A simple introduction to fonts and font licensing.
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For fonts sake
Every time you send an email, post a blog, order a business card, ad or brochure or edit or commission a website you will in one way or the other choose a typeface and use a font. In this article we will consider some things font, in summary, what they are and where they came from and where you can access the type of font you want, but mostly this article is about font ownership and usage.
As commercial designers we choose and use typefaces everyday, for ourselves and on behalf of our clients. They are very critical to our job and a key element in our clients’ visual toolkit and often we are asked to use a clients’ font, source a new font, purchase fonts or supply artwork with fonts included. Which is actually the point of this article. To clarify what it means to ‘own’ a font, the limitations there are around ownership and sharing fonts and offer some advice on how to stay legal in the process.
First up, are we talking about fonts or typefaces?
A ‘font’ refers to a single weight, style or size of text, such as Light, Regular, Bold or Italic. An entire collection of these weights and styles make up a family known as a ‘typeface’. For simplicity we are going to use the term ‘font’ from here on
What types of font are there?
Aside from System Fonts which are pre-installed on every device these days (selection based largely on what operating system you use) there are basically two ways to access fonts – you pay or you get them for free.
The clue is in the title. Paid fonts are created by professional typographers and designers with the intention of selling them to anyone who wants permission to use them. As a result, paid fonts have to be of a high standard and quality as they are commercially sold products. Advantages of paid fonts are they will generally include the full font family, will work on multiple browsers and platforms and are compatible with different languages. For many professional designers they are the first port of call and there are many libraries out there selling them. Some of the most well known are MyFont, Letrs, Linotype, Dalton Maag, TypeTrust and Lineto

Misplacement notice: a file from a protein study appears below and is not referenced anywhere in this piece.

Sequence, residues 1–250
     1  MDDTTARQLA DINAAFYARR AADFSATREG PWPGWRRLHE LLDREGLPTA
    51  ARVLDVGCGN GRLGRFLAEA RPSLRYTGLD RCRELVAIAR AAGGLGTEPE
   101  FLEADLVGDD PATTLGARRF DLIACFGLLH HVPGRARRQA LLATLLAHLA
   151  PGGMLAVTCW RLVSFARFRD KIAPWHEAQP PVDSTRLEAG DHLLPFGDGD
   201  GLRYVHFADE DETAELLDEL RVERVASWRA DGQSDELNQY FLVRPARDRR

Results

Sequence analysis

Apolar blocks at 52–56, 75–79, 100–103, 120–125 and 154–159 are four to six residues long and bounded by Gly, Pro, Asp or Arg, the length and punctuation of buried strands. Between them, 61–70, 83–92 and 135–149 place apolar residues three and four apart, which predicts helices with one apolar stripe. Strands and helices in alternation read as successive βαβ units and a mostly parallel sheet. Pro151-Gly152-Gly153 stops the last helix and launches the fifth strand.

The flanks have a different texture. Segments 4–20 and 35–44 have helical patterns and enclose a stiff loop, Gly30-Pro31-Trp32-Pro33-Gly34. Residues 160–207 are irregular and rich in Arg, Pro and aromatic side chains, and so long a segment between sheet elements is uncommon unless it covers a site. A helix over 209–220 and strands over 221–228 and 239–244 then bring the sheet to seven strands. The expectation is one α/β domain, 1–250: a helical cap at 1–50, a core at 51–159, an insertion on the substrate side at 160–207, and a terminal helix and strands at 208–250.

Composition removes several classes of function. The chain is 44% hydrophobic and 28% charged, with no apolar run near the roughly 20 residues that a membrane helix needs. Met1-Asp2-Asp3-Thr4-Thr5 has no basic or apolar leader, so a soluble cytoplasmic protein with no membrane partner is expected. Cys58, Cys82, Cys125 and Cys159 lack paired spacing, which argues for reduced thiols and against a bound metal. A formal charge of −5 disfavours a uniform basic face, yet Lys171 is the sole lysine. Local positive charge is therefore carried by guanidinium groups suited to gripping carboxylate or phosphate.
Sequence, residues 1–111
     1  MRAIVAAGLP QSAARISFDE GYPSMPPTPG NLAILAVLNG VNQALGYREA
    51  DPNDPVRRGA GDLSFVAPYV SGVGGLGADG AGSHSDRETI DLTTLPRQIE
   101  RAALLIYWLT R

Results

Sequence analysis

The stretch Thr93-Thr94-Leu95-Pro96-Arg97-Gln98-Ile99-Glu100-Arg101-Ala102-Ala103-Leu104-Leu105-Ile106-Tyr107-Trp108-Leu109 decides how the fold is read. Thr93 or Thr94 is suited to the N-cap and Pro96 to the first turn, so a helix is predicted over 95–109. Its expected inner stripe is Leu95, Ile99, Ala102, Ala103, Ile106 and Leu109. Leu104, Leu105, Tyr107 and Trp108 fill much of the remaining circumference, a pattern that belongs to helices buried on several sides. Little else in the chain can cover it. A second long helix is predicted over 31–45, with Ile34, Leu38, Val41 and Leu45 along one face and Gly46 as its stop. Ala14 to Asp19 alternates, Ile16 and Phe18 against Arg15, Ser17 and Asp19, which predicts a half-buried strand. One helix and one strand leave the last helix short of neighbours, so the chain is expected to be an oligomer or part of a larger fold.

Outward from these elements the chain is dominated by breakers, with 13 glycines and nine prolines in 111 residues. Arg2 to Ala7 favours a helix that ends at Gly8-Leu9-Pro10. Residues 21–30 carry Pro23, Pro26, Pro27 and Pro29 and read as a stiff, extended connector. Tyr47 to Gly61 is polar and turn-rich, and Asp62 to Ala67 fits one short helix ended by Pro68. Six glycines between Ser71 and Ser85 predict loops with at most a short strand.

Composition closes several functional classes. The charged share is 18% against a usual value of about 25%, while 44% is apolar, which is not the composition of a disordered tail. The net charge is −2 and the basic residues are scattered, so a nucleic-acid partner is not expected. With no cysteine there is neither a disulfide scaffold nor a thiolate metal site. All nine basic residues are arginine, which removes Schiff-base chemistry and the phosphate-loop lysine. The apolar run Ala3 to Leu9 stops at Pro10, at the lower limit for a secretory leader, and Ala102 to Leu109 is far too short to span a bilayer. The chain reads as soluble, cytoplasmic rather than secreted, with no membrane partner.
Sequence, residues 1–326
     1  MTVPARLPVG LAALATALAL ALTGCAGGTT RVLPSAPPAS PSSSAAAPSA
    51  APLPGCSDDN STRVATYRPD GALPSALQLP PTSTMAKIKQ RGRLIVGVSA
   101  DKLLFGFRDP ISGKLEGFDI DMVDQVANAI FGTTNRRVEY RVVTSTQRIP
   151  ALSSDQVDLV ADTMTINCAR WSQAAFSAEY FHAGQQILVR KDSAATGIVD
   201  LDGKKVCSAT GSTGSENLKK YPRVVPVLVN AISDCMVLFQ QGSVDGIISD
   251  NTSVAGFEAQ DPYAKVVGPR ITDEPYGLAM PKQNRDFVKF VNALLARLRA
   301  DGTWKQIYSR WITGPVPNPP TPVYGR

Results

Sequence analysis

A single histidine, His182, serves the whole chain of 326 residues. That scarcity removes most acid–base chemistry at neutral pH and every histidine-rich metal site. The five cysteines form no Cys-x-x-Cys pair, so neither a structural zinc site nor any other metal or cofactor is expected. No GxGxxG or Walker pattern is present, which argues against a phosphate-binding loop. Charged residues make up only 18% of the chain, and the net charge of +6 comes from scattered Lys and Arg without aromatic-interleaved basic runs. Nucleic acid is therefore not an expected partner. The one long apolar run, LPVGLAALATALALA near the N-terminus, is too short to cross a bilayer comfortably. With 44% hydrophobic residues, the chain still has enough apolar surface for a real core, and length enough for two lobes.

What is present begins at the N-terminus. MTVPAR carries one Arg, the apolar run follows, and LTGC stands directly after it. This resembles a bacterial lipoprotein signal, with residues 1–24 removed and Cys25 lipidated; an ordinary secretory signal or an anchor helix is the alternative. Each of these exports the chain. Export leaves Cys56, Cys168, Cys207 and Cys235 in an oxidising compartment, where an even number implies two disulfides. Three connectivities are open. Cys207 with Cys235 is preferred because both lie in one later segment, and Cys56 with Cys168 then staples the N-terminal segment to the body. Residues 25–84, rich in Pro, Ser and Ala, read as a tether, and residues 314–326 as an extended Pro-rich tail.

Free and Open Source Fonts
There are several types of ‘free’ fonts, foundry promotions; those made by hobbyists; pirated fonts and there are ’open source’ fonts – which are a form of free font but are now significant enough to have their own category.
Many font foundries offer free fonts as a promotion. These fonts might be a single-weight display design, or one or more weights from a larger family intended to encourage you into purchasing the rest of the family.
The availability of affordable font production software means anyone can try their hand at designing a typeface but they remain amateur and often suffer from inferior and inconsistent design traits and uneven spacing.
With the internet and commerce comes shenanigans and yes, the font world is not immune to piracy. By changing the digital data of the font (but generally not the design) and the name (i.e. Helvetica to Helmetika) it is possible for bootleg fonts to be freely accessible online.
Open Source fonts
The open source movement started in 1998 as a way for programmers to write and share software while freeing themselves from the potentially litigious connotations of the term ‘free software’. As part of a wider philosophy around community and open collaboration the idea allowed anyone to write, exchange and modify programming code without penalty. An example of open source software is MediaWiki, the software which the Wikipedia website is built.
The open source movement is a primarily concerned with software but open source fonts are now becoming increasingly important to designers and clients alike.
“Open source” effectively means you can do pretty much what you want with the fonts apart from making any money directly from them. So you can use them on any form of e-commerce or commercial site for instance but you cannot download them, modify them and then sell or licence that adapted font for financial gain.
So, can I use what I see?
With the exception of system fonts, which to our knowledge, have no restrictions on usage save system compatibility – you should assume that there are always restrictions on who and how you can use a font. If you were to ask us what the things you should take from this article, this is the first.
Think of it this way, a font is a piece of coded software. And just like any software you need to obtain a license before installing it. All fonts have licences, they are the permission slip for the purchaser or person that downloads them to use them, be that you the client or us the agency working on your behalf. Some are free. Some cost money, some licences are very relaxed about their use, some are extremely restrictive. But the point is, when you purchase or download for free, your font will always come with an ownership licence that will explain what the holder of that licence can and cannot use that font for.